A few years ago, I was watching physicist Brian Greene’s Fabric of the Cosmos. He was explaining the “arrow of time.” If I’m remembering this right, it’s the idea that time only moves in one direction because of entropy—as time moves forward, entropy increases: a glass jar shatters as time moves forward, but to move backward, all those shards would have to return to their starting positions, which is pretty improbable.

 

Greene asks what would happen if time wasn’t bound to entropy. Could we reverse it? I like thinking about the arrow in the current show in that way. It’s a very insistent object, but maybe it just seems that way because our experience limits our imagination of what’s possible. 



IM: Thank you, Jonathan. 


JE: Thanks Irini—it’s been a pleasure!



The Capital of Fine is OK, Installation View, Essex Flowers, New York

The Capital of Fine is OK, Installation View, Essex Flowers, New York

The Capital of Fine is OK, Installation View, Essex Flowers, New York

Choppers, clay and mixed media on panel 24 x 18 x 6 inches, 2022


Blocks, clay and mixed media 15 x 13 x 6 inches, 2022


Soft Shoe, clay and mixed media on panel 44 x 21 x 8 inches



Jonathan Ehrenberg’s work has been included in exhibitions at MoMA PS1, SculptureCenter, The Drawing Center, Nicelle Beauchene Gallery (New York), Futura Center (Prague), The B3 Biennial (Frankfurt), Temnikova & Kasela (Tallinn), and Nara Roesler (São Paulo). He has participated in residencies at LMCC Workspace, Harvestworks, Skowhegan, Triangle, The Fine Arts Work Center in Provincetown, and Glenfiddich in Scotland, and his work has been reviewed in publications including The New York Times, The New Yorker, and Art in America. He received a BA from Brown University, and an MFA from Yale, and teaches at Lehman College, CUNY. He was born in New York, NY, where he currently lives and works.



Irini Miga’s practice traverses sculpture, installation, notions of drawing, text and performativity. Recent solo exhibitions include: An Interval at Flyweight Projects in New York (2020); Away is Another Way of Saying Here, at Essex Flowers gallery, in New York (2019); and Reflections, at Atlanta Contemporary Museum (2018). Her work has been included in group exhibitions such as Going Viral at Steinzeit gallery in Berlin (2022); Spring Works, Summer Shows, at Haus N Athen in Athens (2021); Mr. Robinson Crusoe Stayed Home at Benaki Museum in Athens (2021); Room for Failure at Piero Atchugarry gallery in Miami (2019); Tomorrow’s Dream, at Neuer Essener Kunstverein in Essen (2018); When You Were Bloom, Thierry Goldberg Gallery in New York (2018); Scraggly Beard Grandpa, at Capsule Shanghai, in China (2017); Marginalia, at The Drawing Center in  New York (2017); The Equilibrists, organized by the New Museum in New York, the DESTE Foundation and shown in the Benaki Museum in Athens (2016). She has been honored residencies by several organizations including the Skowhegan School of Painting and Sculpture; Lower Manhattan Cultural Council, Workspace Program;The Fountainhead Residency; The Watermill Center; Bemis Center for Contemporary Art Residency Program and more. Her practice has been mentioned at Artforum, Flash Art, Time Out New York, Ocula, Blouin ArtInfo, Huffington Post, Art F City, and ARTnews. Irini Miiga studied art at London’s Central Saint Martins College, earned a BFA from the Athens School of Fine Arts in 2005, and an MFA in Visual Arts from Columbia University, New York on a Fulbright Grant. She was born and raised in Larissa, Greece. Currently she lives and works between Athens and New York (US).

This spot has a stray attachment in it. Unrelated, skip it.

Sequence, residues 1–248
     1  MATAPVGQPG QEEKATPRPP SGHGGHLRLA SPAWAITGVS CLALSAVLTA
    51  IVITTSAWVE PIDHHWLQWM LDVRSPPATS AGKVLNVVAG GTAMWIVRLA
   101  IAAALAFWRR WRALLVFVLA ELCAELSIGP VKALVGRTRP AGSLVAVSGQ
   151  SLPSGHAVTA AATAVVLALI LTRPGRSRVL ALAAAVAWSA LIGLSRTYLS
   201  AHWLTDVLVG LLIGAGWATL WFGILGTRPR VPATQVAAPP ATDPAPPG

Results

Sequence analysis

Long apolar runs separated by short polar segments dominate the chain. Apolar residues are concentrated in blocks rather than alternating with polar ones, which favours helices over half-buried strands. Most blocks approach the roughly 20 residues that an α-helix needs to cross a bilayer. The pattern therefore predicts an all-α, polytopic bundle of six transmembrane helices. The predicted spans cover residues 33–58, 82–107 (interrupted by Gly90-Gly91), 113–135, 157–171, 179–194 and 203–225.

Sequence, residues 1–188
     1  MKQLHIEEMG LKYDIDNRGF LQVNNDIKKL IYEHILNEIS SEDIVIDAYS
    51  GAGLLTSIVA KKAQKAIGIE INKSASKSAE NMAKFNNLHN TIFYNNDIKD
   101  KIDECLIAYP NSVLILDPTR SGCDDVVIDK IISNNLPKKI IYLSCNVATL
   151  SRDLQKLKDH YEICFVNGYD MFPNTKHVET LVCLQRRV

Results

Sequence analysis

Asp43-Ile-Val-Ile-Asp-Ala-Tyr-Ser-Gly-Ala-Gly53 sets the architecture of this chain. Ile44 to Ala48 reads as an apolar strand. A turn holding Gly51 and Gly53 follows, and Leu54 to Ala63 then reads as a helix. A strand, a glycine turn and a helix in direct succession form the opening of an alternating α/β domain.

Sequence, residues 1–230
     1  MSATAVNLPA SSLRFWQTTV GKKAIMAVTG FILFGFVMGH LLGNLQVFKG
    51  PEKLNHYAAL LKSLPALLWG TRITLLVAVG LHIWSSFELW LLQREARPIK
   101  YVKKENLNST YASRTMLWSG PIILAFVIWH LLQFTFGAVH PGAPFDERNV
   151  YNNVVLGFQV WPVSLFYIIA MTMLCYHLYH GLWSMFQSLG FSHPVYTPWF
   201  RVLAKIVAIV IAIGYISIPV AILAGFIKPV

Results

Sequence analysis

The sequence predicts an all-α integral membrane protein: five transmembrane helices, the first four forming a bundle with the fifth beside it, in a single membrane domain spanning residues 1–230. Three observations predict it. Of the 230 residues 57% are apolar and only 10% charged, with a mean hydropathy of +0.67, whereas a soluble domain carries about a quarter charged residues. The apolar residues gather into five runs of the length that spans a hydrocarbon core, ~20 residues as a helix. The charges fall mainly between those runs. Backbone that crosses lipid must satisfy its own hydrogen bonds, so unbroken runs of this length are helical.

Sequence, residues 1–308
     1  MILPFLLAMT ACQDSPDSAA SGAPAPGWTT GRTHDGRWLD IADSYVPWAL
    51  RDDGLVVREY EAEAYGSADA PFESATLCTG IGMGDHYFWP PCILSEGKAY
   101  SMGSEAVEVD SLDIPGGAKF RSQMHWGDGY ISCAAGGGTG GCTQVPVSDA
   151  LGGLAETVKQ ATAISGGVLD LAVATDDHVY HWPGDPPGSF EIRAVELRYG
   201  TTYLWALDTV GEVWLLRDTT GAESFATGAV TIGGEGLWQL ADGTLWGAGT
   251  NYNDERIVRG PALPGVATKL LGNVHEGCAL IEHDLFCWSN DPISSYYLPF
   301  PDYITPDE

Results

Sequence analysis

*Source: Jonathan Ehrenberg’s “The Capital of Fine is OK” - Press Release 



















No comments:

Post a Comment

comment